I want to edit a video of a concert of ours where we record with different cameras. Unfortunately, we don’t have several cameras of the same type available, but are filming with cell phones, GoPro and video cameras.
Even though we set 30 FPS on the cameras, unfortunately the framerates of the cameras are not exactly the same. A cell phone outputs the stream as 29.9, the iPhone as 30.02, etc.
Since we record the sound separately and music and video should of course run exactly in sync over the entire length of the three-hour concert, I would like to know if there is anything we can adjust here in Shotcut.
I would like to avoid double images or missing single images, which sometimes occur for padding or adjusting.
Converting the individual streams with an external program would not only take a long time, but probably also degrade the quality.
What is the best thing to do here?
I would not worry about the tiny difference in frame rate. The difference is too small to notice an infrequent frame slip. This is especially true for content that has low motion like a concert. I recommend to try editing the clips and see how you like the result. Just be sure to set the video mode to one of the frame rates: 30.00 or 29.97.
They will almost certainly not stay in sync for the duration of a 3 hours concert. Each recording device will have a slightly different clock.
Thanks for your answer. I’ll probably just have to wait and see how much the picture and sound diverge after a while. So maybe it will be best to always synchronize sound and picture again at the beginning of a new song.
Do you have any experience with what the program does when you mix video streams at 30 fps and some at 25 fps? Does this cause problems already during editing or only during output?
Sorry for asking such beginner questions. But I am quite new with the program and get along quite well with it. But that now in the concert recordings these differences of the video streams occur, I could not foresee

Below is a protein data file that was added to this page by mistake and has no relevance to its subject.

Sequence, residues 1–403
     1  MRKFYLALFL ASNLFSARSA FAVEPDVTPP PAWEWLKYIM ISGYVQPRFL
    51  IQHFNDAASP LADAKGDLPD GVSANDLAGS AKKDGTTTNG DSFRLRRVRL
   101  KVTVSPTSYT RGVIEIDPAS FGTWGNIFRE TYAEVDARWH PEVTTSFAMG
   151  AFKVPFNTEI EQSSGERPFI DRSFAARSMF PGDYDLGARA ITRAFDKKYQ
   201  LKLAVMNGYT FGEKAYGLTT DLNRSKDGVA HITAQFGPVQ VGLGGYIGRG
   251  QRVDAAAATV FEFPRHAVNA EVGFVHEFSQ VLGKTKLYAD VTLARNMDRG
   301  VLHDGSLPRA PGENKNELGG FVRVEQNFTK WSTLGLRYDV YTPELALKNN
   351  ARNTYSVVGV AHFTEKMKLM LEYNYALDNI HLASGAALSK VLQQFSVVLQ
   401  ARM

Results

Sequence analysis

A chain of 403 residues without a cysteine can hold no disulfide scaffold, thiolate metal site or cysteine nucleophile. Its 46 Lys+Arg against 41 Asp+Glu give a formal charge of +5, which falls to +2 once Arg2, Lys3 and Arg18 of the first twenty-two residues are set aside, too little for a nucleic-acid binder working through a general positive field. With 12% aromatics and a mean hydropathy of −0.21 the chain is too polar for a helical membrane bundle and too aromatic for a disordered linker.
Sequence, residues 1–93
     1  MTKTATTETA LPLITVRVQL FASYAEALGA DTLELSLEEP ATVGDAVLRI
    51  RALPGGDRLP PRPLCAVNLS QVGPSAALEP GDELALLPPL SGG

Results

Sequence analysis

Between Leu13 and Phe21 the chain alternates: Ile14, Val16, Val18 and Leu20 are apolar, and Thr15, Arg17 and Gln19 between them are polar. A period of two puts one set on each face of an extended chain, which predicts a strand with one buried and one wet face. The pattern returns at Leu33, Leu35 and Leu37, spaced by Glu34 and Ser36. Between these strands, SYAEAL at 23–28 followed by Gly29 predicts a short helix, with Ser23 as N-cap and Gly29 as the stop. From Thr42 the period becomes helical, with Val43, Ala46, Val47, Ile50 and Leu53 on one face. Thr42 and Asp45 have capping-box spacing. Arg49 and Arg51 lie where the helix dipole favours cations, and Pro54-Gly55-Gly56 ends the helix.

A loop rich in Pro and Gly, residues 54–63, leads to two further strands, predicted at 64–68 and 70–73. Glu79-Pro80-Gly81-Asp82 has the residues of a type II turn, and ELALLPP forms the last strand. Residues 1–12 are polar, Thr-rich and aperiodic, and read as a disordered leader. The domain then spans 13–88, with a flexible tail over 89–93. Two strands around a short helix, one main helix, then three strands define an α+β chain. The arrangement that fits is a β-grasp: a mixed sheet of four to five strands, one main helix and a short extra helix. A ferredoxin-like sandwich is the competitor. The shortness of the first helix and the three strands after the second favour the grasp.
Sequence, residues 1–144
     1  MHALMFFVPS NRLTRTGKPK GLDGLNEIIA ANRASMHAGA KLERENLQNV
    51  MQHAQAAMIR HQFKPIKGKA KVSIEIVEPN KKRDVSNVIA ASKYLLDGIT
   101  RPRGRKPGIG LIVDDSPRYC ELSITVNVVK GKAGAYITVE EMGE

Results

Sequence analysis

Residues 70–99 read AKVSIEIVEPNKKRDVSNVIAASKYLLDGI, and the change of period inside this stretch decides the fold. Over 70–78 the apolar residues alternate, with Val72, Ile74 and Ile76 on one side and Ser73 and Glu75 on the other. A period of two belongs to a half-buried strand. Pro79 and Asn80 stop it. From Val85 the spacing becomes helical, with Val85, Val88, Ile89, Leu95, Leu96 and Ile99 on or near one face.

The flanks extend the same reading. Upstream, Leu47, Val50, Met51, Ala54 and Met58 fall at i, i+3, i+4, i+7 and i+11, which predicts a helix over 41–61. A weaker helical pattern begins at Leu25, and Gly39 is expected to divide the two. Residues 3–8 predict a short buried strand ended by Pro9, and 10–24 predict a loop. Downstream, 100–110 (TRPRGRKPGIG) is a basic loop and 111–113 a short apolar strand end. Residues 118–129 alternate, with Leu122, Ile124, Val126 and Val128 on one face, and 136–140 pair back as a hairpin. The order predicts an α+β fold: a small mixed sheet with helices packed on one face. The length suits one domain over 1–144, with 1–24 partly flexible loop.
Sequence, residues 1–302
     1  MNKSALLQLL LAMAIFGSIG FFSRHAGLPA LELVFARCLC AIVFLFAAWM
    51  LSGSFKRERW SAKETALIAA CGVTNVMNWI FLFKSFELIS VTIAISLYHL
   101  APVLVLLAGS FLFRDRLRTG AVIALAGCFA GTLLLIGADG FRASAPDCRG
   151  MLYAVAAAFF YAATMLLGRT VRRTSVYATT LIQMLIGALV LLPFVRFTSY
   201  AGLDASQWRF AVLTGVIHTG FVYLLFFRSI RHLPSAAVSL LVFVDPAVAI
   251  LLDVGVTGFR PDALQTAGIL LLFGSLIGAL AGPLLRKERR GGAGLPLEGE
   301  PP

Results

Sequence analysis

For 25 → 30, Shotcut will duplicate frames for both preview and export. Going the other way will drop frames.
I have been able to take footage from three different Panasonic cameras (two G85 and one GX85) that ran for three hours, and all three of them required only one sync at the beginning and stayed in sync until the end with no problems. But those are real cameras. When a cell phone is added to the mix, it’s game over within minutes. Cell phones are very frustrating for multi-camera work. There is a chance that things have improved with ProRes to SSD on the iPhone 15, but I have not tested it or heard any reports about how accurate the clock is for multi-cam work.
For fast motion, the conversion will result in motion that is not smooth. For slower motion content, it may not be noticeable. I would expect a concert to not have very fast motion. Why not try it out and see how you like it?
Shotcut does not care what the frame rates are and will not have a problem. But maybe you will not be happy with the result. That depends on your own opinion and you can only know by trying it.
In any case, I’ll do a video test before the concert. Because if the result of the 25 fps camera in combination with the 30 fps cameras is not good, I would try to exchange this camera beforehand. Otherwise, I might have nice in the shots, but can’t use them because of technical issues.
It seems to me that it is quite common in the industry to not have identical cameras on several technical points including raw color rendering and also FPS…
This is why conformation (conformer in French, I think the verb is the same in English to conform) exists and is practiced.
I use the great tool developed by a Frenchman Paul Pacifico; the software is extraordinary, a toolbox.
Thanks for the information.
In the meantime I have edited a test video and am very impressed what Shotcut makes out of two different video streams (50i and 30) as a result. So, in a pinch, that would also work. But all cameras with the same frame rate is of course ideal.